What goes down also goes up.
The market has been a pretty lousy place to be recently. And the general consensus seems to be that will continue.
Most of the market seers who are spouting doom and gloom seem to be freaked out about two things. One, October is often a month of market calamity. Since 1871, more than a quarter of the stock market drops that exceeded 10% have taken place in October.
Second, this year seems eerily similar to 2011. That year, stocks started to tumble in the summer, mostly on worries of economic problems abroad, that time in Europe. The CBOE Volatility Index, or VIX, rose above 40, as it did this year in August. And stocks dropped 10%, starting in late October and ending in late November.
But here’s the thing: while the greatest percentage of market drops have taken place in October, it’s also a month in which the market tends to rebound. According to Birinyi Associates, of the 93 market corrections (drops of more than 10%) we have experienced since 1927, nearly 24% of them have ended and entered a rebound in October.
October has also been the kickoff month for some of the best stock market rallies. The market drop that ended in October 1990 led to a rally that sent the market up 232%, a run that lasted seven years. So, despite all the drops, October is not the worst month for stocks. That’s September.
Since 1927, the average length of a stock market correction has been 93 days. The current stock market drop has lasted 133 days. Stocks hit their lowest point on August 25, which was 96 days since they started dropping on May 21. So, we are overdue for a rebound.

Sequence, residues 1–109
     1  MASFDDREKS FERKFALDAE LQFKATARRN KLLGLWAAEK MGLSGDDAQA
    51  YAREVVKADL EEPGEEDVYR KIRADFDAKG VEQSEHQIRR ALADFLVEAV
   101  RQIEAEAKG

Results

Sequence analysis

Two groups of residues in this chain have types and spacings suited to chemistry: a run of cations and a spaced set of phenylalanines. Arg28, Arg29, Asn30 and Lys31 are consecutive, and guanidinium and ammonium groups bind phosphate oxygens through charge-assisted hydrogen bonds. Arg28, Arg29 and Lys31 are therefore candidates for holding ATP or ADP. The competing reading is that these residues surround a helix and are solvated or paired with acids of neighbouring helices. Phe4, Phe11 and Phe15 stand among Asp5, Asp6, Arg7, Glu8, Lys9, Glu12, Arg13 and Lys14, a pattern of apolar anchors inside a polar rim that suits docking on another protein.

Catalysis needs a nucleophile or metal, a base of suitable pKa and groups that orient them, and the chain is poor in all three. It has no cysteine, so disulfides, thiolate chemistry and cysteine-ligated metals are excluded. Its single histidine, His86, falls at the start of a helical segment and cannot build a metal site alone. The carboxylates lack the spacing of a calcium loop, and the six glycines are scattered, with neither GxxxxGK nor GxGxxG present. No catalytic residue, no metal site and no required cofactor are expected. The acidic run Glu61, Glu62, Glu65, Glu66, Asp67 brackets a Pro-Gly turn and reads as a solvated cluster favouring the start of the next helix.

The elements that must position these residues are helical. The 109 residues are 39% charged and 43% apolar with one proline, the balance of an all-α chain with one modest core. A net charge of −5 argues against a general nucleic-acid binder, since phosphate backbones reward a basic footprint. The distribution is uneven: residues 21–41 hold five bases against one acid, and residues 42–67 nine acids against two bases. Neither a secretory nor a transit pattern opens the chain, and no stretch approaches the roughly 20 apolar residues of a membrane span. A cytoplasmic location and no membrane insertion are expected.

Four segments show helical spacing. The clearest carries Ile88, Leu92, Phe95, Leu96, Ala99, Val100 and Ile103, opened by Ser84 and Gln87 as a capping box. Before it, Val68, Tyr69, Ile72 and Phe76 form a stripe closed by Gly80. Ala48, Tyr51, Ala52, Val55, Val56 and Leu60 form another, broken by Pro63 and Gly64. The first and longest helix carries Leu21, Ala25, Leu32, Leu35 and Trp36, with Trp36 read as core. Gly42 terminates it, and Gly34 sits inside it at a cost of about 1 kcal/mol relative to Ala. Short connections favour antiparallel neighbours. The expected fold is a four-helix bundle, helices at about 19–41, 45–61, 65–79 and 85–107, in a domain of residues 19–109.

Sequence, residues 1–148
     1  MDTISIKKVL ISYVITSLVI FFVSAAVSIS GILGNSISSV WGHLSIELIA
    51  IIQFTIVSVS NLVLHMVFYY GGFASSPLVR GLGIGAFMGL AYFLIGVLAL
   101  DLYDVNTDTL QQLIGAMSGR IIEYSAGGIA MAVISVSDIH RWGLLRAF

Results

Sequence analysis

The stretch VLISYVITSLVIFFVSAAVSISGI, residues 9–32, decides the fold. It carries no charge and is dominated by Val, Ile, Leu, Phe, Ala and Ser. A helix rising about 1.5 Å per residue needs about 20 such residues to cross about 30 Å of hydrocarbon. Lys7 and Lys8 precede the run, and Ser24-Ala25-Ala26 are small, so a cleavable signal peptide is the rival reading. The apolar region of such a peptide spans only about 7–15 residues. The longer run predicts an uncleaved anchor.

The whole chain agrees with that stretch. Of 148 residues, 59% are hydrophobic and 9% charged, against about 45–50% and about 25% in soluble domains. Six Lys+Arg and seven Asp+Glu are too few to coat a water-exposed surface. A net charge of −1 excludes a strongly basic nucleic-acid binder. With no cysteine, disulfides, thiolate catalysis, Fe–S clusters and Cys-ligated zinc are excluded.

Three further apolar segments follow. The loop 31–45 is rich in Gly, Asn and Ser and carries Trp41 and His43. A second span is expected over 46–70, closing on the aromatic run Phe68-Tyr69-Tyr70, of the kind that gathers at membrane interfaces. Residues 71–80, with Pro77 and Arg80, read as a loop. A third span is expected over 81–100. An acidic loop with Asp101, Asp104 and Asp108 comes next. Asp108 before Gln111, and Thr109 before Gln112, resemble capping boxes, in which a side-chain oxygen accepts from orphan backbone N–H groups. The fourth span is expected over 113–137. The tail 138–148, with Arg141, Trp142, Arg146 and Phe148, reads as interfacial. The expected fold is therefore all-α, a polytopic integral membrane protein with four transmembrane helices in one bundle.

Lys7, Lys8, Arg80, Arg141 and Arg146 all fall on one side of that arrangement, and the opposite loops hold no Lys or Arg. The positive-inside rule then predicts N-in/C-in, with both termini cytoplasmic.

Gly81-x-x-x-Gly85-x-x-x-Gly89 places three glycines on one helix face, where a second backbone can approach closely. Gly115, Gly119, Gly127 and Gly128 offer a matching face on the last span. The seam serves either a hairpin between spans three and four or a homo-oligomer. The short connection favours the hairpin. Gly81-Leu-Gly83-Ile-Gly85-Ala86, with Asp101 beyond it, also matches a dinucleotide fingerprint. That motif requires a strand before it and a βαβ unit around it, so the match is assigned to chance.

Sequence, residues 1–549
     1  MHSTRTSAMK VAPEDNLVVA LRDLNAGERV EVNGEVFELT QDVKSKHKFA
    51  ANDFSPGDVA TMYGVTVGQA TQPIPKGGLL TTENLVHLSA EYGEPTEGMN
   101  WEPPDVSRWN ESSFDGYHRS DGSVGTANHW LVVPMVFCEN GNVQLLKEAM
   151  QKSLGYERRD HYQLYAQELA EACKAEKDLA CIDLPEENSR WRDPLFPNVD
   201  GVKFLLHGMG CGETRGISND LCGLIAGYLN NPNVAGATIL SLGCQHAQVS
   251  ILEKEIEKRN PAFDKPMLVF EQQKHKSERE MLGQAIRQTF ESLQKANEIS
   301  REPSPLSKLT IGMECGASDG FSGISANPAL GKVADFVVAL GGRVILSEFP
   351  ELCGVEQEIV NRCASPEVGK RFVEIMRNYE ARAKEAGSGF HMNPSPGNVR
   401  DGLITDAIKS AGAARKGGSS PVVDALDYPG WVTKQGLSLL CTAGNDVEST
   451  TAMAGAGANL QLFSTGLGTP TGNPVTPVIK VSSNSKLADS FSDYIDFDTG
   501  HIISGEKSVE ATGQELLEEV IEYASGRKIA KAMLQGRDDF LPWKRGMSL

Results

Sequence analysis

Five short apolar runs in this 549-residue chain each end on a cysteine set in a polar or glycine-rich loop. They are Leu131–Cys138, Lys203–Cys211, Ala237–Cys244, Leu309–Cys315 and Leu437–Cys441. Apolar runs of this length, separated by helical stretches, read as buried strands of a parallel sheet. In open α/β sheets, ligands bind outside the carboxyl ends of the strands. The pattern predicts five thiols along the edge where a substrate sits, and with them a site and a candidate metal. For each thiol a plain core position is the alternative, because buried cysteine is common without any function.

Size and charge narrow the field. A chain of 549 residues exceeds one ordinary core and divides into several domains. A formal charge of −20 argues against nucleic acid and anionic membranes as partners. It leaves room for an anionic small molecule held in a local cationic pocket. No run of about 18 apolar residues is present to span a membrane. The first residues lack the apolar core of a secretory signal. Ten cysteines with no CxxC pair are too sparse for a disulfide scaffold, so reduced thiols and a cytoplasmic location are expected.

“As painful as it is and different as it seems, the current correction is kind of average,” says Jeff Rubin, director of research at Birinyi Associates.
Now, we shouldn’t ignore the many issues that investors should be worried about. After a number of years of extraordinary growth, corporate profits have been weak. Analysts estimate that earnings at the average company in the S&P 500 fell 4.5% in the third quarter. That follows a slight drop in the second quarter, making it the first time since the financial crisis that we have had two down earnings quarters in a row. Also, prices have dropped on corporate bonds, meaning that it is costing companies more to borrow. At a time of slow earnings growth, that could be a problem.
But if you are worried stocks will fall from here just because they often fall in October, don’t be. They often rebound, too.